By Elizabeth Riggs
While many high school graduates fondly remember participation in athletics, band and choir, these days, Ellicottville students have even more options, including the growingly popular Odyssey of the Mind.
Odyssey of the Mind, an international educational program, provides creative problem-solving opportunities for students from kindergarten through college.
ECS Odyssey of the Mind Coordinator Colleen Bower has been involved with the program for 14 years, first starting as a coach when her son, who is now 23, was recommended by his teacher to be part of the program. According to her, though the subject matter of Odyssey of the Mind is undoubtedly different, it teaches students similar values to sports and other activities.
“It is very similar to sports,” Bower said. “Teams work together to reach the ultimate goal – winning the regional competition and advancing to the upper level competitions. Odyssey of the Mind is a great way for students to use their creative thinking skills and team working skills to come up with fantastic solutions to very complex and involved problems.”
In Odyssey of the Mind, team members use creativity to solve problems that range from building mechanical devices to presenting their own interpretation of literary classics. Solutions are then presented to competition on the local, state, and world level, which includes thousands of teams throughout the United States, as well as from 25 other countries.
ECS has been involved with Odyssey of the Mind for decades, and has had multiple successful teams in past years. In 2013, a team of high school students placed second at the state competition, and in 2015, a team of fourth and fifth graders finished second at SUNY Binghamton, both advancing to the World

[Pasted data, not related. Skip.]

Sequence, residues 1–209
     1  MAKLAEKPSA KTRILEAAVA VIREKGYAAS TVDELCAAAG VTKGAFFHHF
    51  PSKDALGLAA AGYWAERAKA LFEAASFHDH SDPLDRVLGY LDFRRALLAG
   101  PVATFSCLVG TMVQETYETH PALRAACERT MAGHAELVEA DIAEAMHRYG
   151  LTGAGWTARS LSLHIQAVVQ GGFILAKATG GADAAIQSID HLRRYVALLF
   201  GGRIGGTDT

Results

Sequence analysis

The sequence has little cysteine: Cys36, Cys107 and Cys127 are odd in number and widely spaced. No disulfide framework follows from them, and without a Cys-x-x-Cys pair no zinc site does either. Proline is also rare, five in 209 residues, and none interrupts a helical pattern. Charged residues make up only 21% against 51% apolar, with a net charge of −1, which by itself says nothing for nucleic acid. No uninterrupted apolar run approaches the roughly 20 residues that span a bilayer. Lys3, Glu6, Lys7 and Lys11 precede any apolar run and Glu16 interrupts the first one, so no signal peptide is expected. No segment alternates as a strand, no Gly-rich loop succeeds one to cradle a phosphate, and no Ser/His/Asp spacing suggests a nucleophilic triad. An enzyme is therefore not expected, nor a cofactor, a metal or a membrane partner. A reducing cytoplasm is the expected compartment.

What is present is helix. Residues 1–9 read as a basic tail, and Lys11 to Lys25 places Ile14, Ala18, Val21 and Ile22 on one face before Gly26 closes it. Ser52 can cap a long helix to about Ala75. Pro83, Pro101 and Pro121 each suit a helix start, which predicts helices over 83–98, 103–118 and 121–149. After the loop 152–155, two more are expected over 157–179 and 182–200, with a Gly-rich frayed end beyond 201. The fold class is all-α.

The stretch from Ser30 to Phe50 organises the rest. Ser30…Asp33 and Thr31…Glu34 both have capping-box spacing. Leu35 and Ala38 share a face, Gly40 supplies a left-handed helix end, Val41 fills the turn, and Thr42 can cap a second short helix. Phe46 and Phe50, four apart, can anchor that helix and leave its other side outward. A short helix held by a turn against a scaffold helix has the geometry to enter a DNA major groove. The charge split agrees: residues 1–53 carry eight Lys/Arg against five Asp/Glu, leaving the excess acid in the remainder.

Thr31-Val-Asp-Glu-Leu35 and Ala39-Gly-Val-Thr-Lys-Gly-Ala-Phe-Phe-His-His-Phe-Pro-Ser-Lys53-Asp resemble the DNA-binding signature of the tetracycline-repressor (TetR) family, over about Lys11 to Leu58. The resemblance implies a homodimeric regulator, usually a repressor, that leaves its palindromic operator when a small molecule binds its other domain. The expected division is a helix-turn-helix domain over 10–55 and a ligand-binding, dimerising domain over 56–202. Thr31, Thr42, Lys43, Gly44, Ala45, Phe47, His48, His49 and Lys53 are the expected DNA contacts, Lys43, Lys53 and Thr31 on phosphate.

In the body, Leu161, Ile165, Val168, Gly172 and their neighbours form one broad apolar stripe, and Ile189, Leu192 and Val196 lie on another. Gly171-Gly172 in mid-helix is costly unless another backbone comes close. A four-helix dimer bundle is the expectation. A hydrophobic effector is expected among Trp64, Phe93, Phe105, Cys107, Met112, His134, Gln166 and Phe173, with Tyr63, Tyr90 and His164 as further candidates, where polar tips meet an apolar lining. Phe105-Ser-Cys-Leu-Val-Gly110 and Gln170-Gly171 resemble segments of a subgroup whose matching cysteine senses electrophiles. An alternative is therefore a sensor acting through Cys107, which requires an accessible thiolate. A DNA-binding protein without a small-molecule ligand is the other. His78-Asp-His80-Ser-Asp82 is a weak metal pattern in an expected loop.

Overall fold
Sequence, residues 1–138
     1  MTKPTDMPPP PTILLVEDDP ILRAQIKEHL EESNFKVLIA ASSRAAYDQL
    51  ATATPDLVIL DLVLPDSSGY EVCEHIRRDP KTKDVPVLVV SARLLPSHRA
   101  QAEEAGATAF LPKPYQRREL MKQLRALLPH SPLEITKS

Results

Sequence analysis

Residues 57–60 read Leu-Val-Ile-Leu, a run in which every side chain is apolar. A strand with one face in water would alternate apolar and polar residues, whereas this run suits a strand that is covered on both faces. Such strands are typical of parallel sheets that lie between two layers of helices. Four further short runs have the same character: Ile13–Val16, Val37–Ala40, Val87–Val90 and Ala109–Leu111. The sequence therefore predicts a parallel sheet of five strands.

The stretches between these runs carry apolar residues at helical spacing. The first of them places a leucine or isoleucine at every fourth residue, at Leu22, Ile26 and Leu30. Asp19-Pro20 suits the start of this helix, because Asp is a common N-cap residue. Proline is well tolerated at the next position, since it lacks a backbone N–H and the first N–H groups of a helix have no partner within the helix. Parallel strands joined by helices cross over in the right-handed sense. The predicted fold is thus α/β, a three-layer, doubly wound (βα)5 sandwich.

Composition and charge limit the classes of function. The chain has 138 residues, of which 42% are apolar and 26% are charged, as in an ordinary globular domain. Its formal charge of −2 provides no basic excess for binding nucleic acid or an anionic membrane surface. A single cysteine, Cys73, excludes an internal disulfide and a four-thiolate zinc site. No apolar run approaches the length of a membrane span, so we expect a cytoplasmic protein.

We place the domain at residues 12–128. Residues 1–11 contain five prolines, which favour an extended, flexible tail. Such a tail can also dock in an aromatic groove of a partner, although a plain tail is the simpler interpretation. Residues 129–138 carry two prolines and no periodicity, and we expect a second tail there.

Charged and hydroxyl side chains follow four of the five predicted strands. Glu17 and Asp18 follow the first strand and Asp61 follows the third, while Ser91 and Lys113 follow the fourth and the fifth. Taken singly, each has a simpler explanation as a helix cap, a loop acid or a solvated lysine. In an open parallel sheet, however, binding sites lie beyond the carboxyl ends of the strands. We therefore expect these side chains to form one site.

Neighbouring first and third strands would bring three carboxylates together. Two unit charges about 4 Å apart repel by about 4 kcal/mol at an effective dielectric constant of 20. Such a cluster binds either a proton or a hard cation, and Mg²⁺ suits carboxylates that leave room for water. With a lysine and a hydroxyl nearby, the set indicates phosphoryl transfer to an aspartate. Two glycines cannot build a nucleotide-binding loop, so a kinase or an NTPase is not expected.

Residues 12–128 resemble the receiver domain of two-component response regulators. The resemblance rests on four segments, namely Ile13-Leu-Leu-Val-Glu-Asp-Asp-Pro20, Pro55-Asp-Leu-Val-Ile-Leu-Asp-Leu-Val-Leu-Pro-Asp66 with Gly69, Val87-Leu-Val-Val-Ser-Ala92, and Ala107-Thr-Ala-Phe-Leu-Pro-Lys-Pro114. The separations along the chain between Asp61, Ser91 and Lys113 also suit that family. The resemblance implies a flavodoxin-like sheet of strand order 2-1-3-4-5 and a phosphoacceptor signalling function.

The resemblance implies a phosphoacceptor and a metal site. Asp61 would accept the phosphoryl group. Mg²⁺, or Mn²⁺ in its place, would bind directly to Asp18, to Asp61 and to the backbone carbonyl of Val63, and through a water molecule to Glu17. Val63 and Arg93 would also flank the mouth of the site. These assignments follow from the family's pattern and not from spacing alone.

Finals at Michigan State University.
“This year we have four teams competing in the regional competition in Wellsville on Saturday, March 25—three elementary teams (Div.1) and one middle school team (Div. 2),” said Bower. “In October, the team members were selected and the coaches chose a long-term problem for their teams to solve.
These solutions are very involved and take months to perfect. Many teams practice three or more days a week after school and again on Saturdays.”
In addition to their assigned problems, as part of Odyssey, students also must prepare for another part of the competition called Spontaneous.
“This is the ‘think on your feet’ part of the competition,” said Bower. “The teams do not know what will be asked of them until they enter the competition site, so we started Spontaneous Saturdays at our school to help prepare the teams for that part of the competition.”
This year’s ECS teams include: Division 1 – Odd-a- Bot: Allison Pfeffer, Emma Lafferty, Katie Bless, Kara White, Mia Giannicchi, Tea Fuller, coached by John Pfeffer; Division 1 – It’s Time, OMER: Sophia Sundeen, Shelby Colburn, Adrynn Dederick, Colton Taylor, Jadyn Doutt, Gracie Conklin, Gwen DeChane, coached by Michele Sundeen; Division 1 – To Be Continued: A Superhero Cliffhanger: William Benatovich, Kyle Robinson, Morgan Krotz, Adelaide Weber, Keelin Finn, Evan Bauer, Mikey Kerns, coached by Katie Benatovich; and Division 2 – Catch Us If You Can: Alex Silvernail, Aidan Murray, Katie Krotz, Olivia Bacon, Jessi Rust, Katrina DeChane, coached by Clay Silvernail.
The ECS Odyssey teams are set for regional competition this Saturday, March 25 at Wellsville. Teams who finish first in the regional competition then continue on to the New York State competition at SUNY Binghamton on April 8.